The conceptual design is nearly complete, and will be shared with the community in the following weeks, said DiGiovanni.

Centro President Pat Digiovanni speaks at the BYOBroadway event. Photo by Michael Cirlos.

Centro President Pat Digiovanni speaks at the BYOBroadway event. Photo by Michael Cirlos.

“It’s clear that people want to change (Broadway) from being good to being great,” said Madison Smith, principal at Overland Partners. The Broadway corridor, a 3.1 mile stretch that includes more than 20 stakeholders, cultural destinations and incredible green spaces like Brackenridge, lacks the pedestrian and bike-friendly connections needed to access these areas.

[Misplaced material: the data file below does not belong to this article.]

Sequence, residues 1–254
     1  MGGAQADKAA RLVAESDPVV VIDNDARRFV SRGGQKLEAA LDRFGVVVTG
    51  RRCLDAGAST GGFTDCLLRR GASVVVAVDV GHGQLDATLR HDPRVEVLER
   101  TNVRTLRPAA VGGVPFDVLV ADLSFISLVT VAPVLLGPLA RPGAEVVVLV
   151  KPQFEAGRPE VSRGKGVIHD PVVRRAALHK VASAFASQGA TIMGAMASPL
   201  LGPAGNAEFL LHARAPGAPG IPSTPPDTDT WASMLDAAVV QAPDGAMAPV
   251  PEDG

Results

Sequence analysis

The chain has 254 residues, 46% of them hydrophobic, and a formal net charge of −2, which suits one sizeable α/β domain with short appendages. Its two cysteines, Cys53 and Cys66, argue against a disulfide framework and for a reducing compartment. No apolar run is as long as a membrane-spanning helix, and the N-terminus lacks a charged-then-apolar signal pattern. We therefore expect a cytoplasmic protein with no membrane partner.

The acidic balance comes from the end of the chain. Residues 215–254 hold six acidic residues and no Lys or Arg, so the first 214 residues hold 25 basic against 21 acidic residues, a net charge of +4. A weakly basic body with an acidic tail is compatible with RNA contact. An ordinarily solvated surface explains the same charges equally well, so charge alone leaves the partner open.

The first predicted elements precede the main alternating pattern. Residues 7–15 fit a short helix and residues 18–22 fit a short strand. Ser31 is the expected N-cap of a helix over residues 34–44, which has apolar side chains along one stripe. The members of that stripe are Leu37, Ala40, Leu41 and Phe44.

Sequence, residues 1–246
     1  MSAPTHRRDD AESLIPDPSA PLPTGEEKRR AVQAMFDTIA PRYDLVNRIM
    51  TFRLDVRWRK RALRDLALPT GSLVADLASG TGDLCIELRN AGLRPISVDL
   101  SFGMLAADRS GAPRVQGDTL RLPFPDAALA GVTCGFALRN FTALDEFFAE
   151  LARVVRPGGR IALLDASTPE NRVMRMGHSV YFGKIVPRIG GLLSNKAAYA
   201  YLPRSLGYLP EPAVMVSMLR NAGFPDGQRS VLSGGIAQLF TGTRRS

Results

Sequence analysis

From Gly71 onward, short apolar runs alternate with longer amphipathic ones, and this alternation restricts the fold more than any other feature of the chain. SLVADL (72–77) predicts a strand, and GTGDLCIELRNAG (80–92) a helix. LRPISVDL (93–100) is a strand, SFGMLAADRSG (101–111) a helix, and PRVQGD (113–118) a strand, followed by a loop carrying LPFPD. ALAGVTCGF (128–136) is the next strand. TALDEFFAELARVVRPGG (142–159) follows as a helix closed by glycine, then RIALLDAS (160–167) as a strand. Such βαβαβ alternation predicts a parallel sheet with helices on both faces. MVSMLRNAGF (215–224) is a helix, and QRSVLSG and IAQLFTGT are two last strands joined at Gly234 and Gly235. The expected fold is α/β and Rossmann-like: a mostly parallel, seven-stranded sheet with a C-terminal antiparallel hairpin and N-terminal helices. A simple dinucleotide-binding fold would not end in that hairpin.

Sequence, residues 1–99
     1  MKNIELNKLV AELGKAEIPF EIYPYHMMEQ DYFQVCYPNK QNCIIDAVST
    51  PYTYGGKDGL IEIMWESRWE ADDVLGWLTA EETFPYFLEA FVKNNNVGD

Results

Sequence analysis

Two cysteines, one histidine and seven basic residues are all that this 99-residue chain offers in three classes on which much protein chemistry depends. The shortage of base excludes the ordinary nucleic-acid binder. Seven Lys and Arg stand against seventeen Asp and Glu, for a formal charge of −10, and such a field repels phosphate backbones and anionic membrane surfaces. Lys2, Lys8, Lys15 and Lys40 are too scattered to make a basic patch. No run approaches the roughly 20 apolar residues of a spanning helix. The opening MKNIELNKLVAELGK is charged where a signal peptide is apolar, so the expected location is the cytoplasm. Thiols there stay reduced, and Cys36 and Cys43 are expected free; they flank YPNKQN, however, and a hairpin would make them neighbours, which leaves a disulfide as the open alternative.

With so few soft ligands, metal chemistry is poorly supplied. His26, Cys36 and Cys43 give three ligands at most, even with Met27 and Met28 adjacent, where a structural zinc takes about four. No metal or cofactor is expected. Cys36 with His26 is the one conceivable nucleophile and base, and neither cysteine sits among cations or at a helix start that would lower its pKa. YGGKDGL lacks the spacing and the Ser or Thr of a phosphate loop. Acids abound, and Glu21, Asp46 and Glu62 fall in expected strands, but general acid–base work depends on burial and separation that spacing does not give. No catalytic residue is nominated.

The competition seemed to energize residents to collaborate and create positive change.

“A competition like this that is open to the general public – you saw tonight the students, designers, architects, you even saw attorneys – brings ideas forth to make (a place) better, and it helps move the conversation forward,” said Brantley Hightower, founding architect of HiWorks, who received first place in the Public Space Gateways category. “In terms of design, it’s hard to know what you want until you see it.”

Hightower and his creative teammate Dave Evans, a local attorney, designed Pershing Park(ing), a concept that presented a solution to Broadway’s lack of parking while providing a place for people to gather and enjoy a linear park. Though it’s not clear whether any of the designs will move forward, both Hightower and Evans agreed that the 92 submissions were a great place to start the larger, citywide conversation.